Hard Working Class Heroes 2016: Day 2 roundup (part 1)

By on Tuesday, 18th October 2016 at 1:00 pm
 

During my Friday at Hard Working Class Heroes 2016, I decided to take a more relaxed approach to the band discovery and actually enjoy the city of Dublin. Sort of. Stepping into part of the festival‘s convention activities at the Chocolate Factory for late in the afternoon, I was still able to catch two acts in the free In the City programming before taking in an assortment of Irish and Northern Irish acts in the evening.

Brian Casey (West Cork) @ Gutter Bookshop

Brian Casey HWCH 2016

From the south-west coast of Ireland, Brian Casey is a self-described failed journalism student turned musician who’s already set up his own studio, Waveform Recordings. With whip-equipped drummer Andrew O’Sullivan, he performed a brief set at the Gutter bookshop on Cow Lane. As my hosts in Galway insisted, there’s a slight but discernable difference in the Irish accent from the west country compared to Dublin’s, and even between Galway and Cork, which made for an interesting contrast to the other singer/songwriters on show this weekend.

True to form for a good musician able to improvise in any situation, he asked the audience for a topic to write a song about on the fly. My suggestion for food ended up not working out – hey, they were stood right next to the culinary books section of the shop! – so Casey wrote a song about sleep instead. I doubt he’s going to record that, so have a listen to his track ‘Believe’ instead below.

Callum Stewart (Belfast) @ Nine Crows –and- City Hall

Callum Stewart HWCH 2016 outside Nine Crows

Here’s another big tip for the major labels out there. As us music bloggers get older, some things never change. We know you labels want to keep the young music buyers of the world happy and spending their money on your artists and part of that is finding a young, fresh-faced talent. Singer/songwriter Callum Stewart will tick off all the boxes for you very nicely. The young Belfast artist has already been featured in Ireland magazine Hot Press as one to watch, filmed a video in far-flung Iceland of all places, and worked Nile Rodgers (yes, that Nile Rodgers) and Rudimental. What makes him a complete package: he’s cute as a button and if I were a lot younger, I’d have a Tiger Beat-style crush on him.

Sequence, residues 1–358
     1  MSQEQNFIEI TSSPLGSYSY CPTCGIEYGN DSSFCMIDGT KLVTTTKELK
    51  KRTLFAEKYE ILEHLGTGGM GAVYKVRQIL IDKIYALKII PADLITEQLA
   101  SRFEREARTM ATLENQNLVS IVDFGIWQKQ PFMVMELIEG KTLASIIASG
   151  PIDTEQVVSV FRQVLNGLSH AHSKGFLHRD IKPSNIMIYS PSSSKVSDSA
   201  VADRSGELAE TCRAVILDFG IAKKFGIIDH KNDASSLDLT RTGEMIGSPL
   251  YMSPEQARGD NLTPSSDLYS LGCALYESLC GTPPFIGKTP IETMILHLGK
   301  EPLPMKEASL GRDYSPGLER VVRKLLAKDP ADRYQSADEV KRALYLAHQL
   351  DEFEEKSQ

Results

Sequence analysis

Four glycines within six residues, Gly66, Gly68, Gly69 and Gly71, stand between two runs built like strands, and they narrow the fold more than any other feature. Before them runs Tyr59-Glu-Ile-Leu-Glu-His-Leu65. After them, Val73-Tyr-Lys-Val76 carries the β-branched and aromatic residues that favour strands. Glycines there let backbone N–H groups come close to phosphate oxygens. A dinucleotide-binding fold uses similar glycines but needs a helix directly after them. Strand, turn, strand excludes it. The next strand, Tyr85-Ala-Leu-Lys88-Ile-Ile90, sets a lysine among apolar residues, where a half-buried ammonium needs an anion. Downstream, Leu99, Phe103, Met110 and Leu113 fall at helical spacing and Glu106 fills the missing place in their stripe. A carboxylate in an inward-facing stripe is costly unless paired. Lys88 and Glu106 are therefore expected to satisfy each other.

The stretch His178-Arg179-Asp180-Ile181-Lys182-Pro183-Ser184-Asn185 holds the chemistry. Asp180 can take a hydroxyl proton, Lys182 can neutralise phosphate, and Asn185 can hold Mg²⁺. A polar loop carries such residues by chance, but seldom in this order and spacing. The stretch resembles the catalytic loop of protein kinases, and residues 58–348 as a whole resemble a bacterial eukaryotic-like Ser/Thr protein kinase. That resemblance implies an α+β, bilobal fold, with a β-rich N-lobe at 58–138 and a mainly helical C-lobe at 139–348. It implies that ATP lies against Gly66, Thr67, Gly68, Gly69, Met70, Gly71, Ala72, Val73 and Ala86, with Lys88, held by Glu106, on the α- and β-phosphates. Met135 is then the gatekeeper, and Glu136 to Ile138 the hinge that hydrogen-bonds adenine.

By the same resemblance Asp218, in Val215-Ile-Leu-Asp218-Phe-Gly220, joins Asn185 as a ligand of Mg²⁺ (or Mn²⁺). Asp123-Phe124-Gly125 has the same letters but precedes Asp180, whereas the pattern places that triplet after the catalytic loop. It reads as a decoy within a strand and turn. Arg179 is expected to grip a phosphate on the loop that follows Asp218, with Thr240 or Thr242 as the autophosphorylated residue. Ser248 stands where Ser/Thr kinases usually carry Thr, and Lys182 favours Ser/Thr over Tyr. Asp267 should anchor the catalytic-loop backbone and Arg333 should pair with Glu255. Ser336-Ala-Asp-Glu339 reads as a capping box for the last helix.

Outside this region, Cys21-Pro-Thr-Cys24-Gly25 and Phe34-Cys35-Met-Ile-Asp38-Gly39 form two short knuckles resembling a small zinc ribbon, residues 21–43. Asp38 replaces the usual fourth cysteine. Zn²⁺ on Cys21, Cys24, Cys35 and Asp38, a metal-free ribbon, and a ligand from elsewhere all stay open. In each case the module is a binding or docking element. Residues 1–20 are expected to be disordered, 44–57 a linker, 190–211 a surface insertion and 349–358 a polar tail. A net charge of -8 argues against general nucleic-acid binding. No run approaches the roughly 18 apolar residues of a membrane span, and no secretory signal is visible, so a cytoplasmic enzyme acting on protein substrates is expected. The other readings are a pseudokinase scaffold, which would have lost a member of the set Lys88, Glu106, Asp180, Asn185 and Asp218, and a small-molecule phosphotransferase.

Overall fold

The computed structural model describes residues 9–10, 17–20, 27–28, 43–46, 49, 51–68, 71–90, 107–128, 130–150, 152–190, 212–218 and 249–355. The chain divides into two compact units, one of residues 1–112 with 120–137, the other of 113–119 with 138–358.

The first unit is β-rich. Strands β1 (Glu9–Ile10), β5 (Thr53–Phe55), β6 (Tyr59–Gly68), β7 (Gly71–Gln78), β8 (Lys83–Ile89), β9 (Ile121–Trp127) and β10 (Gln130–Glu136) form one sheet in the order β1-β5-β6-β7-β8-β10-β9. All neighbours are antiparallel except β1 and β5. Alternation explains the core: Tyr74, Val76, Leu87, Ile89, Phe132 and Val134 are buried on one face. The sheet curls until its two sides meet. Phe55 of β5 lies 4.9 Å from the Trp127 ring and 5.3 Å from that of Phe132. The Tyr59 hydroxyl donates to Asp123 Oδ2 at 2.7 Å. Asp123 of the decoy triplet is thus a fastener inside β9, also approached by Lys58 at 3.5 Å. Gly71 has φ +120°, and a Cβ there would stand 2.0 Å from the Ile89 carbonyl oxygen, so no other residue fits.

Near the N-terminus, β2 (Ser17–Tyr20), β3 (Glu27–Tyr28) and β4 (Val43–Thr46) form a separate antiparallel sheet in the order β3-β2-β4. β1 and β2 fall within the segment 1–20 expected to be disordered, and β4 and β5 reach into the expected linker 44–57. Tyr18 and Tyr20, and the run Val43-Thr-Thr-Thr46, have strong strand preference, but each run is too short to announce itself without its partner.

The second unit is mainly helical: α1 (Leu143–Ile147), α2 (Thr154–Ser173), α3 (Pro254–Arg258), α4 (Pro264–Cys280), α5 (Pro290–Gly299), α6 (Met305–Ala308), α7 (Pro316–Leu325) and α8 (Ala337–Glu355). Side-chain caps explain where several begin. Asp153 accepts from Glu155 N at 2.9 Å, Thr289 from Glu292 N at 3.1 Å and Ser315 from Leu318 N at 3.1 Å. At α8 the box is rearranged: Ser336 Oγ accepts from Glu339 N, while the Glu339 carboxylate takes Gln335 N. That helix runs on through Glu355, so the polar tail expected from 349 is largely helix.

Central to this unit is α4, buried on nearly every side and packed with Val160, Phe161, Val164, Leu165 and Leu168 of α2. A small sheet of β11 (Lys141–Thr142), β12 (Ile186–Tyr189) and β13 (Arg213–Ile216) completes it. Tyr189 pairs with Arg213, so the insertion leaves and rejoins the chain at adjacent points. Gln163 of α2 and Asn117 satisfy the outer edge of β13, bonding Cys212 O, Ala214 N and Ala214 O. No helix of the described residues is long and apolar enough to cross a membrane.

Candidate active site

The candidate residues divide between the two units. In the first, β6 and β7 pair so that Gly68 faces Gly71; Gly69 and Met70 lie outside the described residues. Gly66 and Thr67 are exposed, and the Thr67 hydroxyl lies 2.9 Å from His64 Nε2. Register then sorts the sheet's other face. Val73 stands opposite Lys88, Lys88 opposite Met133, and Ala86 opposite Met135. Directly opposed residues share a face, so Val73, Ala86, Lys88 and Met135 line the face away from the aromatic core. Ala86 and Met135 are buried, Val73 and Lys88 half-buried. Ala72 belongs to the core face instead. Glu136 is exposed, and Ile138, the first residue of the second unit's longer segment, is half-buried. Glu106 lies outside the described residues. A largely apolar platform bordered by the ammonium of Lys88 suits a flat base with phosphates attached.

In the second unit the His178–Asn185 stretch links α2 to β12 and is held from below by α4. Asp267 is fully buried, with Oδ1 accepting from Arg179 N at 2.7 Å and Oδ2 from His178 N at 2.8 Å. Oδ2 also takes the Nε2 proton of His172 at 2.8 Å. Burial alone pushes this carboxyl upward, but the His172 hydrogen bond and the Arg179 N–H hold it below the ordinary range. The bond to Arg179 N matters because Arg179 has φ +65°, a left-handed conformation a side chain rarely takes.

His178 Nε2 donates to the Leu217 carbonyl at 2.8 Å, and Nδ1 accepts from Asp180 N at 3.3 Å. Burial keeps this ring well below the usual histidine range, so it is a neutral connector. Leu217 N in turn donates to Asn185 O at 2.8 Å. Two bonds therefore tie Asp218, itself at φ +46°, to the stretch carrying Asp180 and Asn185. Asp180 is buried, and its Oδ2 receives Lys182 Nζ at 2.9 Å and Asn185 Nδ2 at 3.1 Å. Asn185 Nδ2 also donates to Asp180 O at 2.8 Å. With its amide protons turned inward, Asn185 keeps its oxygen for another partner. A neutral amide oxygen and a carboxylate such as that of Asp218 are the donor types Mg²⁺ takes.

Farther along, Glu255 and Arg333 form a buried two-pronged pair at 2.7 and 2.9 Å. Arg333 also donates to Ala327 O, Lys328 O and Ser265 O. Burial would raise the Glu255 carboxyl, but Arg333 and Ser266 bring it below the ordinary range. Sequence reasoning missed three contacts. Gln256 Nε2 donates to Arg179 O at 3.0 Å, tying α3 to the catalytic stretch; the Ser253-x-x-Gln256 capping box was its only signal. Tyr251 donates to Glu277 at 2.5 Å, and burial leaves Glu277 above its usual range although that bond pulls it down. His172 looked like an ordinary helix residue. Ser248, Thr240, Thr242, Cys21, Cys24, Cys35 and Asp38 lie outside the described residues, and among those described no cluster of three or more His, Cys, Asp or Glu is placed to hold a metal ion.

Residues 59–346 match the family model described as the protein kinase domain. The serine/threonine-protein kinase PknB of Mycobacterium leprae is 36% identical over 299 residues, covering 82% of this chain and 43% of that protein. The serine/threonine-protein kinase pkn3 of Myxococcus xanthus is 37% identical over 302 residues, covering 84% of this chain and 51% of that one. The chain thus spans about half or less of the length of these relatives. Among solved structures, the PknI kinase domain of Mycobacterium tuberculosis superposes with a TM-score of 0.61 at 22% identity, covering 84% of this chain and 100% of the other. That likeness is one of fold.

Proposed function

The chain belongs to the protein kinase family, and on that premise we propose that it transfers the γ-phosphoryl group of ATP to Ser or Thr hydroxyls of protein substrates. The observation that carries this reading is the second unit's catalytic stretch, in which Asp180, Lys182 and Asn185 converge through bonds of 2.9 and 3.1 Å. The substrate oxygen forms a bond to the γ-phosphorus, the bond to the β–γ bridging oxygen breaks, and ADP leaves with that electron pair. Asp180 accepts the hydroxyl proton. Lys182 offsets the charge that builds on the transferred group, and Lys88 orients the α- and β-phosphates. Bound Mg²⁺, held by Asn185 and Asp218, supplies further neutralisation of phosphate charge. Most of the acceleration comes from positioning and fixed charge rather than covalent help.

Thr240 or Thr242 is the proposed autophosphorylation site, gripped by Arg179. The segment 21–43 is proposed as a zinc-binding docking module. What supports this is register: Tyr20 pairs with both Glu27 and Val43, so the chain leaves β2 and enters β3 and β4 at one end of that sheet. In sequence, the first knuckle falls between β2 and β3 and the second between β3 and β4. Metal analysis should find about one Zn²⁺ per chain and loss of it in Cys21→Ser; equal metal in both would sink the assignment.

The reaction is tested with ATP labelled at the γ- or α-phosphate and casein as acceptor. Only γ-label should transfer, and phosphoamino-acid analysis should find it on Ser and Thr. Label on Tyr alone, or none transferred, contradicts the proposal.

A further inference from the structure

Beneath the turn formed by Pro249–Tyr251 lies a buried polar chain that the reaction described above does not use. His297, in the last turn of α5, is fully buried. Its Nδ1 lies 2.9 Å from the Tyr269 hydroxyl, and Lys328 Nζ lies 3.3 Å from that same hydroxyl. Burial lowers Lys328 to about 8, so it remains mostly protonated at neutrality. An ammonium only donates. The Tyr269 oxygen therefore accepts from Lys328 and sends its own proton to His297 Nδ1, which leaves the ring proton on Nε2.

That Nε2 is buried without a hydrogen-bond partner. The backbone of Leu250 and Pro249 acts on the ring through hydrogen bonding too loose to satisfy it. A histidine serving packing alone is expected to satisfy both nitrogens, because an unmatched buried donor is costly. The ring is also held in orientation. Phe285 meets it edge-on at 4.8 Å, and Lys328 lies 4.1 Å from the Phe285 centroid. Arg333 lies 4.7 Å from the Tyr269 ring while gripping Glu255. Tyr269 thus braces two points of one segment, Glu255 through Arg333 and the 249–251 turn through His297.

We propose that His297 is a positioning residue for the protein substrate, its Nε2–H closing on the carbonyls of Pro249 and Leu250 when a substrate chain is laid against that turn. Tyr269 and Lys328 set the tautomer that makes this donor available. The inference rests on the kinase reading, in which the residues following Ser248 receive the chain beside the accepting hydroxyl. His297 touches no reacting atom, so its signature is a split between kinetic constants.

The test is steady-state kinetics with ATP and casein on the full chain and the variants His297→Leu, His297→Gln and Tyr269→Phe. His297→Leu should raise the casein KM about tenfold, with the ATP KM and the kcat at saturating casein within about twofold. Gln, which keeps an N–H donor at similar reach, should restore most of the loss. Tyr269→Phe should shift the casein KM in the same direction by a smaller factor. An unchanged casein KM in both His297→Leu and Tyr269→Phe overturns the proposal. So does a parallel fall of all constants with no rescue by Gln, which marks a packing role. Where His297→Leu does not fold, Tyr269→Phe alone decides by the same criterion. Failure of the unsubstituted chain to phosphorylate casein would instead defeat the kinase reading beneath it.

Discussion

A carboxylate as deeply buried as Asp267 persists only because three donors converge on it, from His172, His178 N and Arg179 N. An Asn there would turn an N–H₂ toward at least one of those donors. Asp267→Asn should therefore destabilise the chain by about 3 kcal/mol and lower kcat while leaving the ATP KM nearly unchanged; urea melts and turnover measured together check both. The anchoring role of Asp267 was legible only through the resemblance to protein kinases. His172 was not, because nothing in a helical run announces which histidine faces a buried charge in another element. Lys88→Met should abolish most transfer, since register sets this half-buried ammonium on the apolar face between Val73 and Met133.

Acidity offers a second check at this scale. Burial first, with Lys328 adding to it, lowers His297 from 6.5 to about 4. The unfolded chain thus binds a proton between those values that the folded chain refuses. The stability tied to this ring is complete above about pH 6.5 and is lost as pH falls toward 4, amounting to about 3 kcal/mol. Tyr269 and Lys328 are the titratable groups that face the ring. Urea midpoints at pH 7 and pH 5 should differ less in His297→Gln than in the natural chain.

Callum Stewart HWCH 2016 2 at City Hall

As young artists these days do, he’s chosen an r&b pop bent for his music. Unlike the many others, he’s got a convincing soulfulness and I can’t wait to hear what he does next. Whether he’s playing on a street in Temple Bar with only his voice and his guitar or in a echoing, unusual venue like City Hall in front of a keyboard, he’s already mastered the professionalism of artists far older than himself. Despite the experience and fans he’s already amassed, he’s eager for the next steps of his career, yet still extremely humble. Is this because he’s Irish? Quite possibly.

Jealous of the Birds (Portadown, Northern Ireland) @ Tengu Downstairs

Jealous of the Birds HWCH 2016

Carrie covered Northern Irish singer/songwriter Naomi Hamilton at this year’s SXSW 2016 when she performed at the Output Belfast showcase on St. Patrick’s Day 2016 (of course). I have to admit that the only exposure I’ve truly had to her music is her single ‘Goji Berry Sunset’, an indie folk masterpiece that has already garnered the attention of BBC Radio 1, 2 and 6 Music. Naturally, I was expecting more of the same chilled out atmosphere when she played the downstairs stage of Tengu Friday night.

Imagine my surprise and enjoyment when Hamilton rocked out! Much more my speed. You go, girl! If she plays her cards right, I think she could very well be the next Sheryl Crow: versatile in her song styles and musical choices, but with strong chops vocally and instrumentally.

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